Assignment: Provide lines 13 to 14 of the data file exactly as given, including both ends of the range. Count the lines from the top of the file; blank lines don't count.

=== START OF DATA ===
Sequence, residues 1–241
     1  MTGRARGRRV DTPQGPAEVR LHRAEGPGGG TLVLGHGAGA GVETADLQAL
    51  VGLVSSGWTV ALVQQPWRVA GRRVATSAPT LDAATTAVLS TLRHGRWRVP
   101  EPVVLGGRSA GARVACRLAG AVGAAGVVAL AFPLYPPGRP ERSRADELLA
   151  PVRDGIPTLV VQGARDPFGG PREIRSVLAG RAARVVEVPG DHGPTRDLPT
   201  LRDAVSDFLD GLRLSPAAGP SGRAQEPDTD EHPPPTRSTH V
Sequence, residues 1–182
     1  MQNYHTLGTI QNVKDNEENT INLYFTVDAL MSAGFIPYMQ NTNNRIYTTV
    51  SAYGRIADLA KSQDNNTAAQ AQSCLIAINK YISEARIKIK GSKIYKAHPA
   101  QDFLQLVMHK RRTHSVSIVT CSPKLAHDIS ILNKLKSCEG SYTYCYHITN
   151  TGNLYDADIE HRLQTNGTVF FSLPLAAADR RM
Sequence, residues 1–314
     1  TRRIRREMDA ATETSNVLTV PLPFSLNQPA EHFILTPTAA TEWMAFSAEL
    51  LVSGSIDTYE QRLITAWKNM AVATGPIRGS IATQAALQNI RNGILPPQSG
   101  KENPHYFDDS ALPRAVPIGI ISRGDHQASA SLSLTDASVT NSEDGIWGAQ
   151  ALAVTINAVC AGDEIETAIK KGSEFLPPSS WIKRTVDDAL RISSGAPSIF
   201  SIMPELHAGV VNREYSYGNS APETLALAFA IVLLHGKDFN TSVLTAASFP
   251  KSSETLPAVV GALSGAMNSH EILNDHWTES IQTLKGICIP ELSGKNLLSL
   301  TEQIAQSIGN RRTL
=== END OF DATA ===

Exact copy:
     1  TRRIRREMDA ATETSNVLTV PLPFSLNQPA EHFILTPTAA TEWMAFSAEL
    51  LVSGSIDTYE QRLITAWKNM AVATGPIRGS IATQAALQNI RNGILPPQSG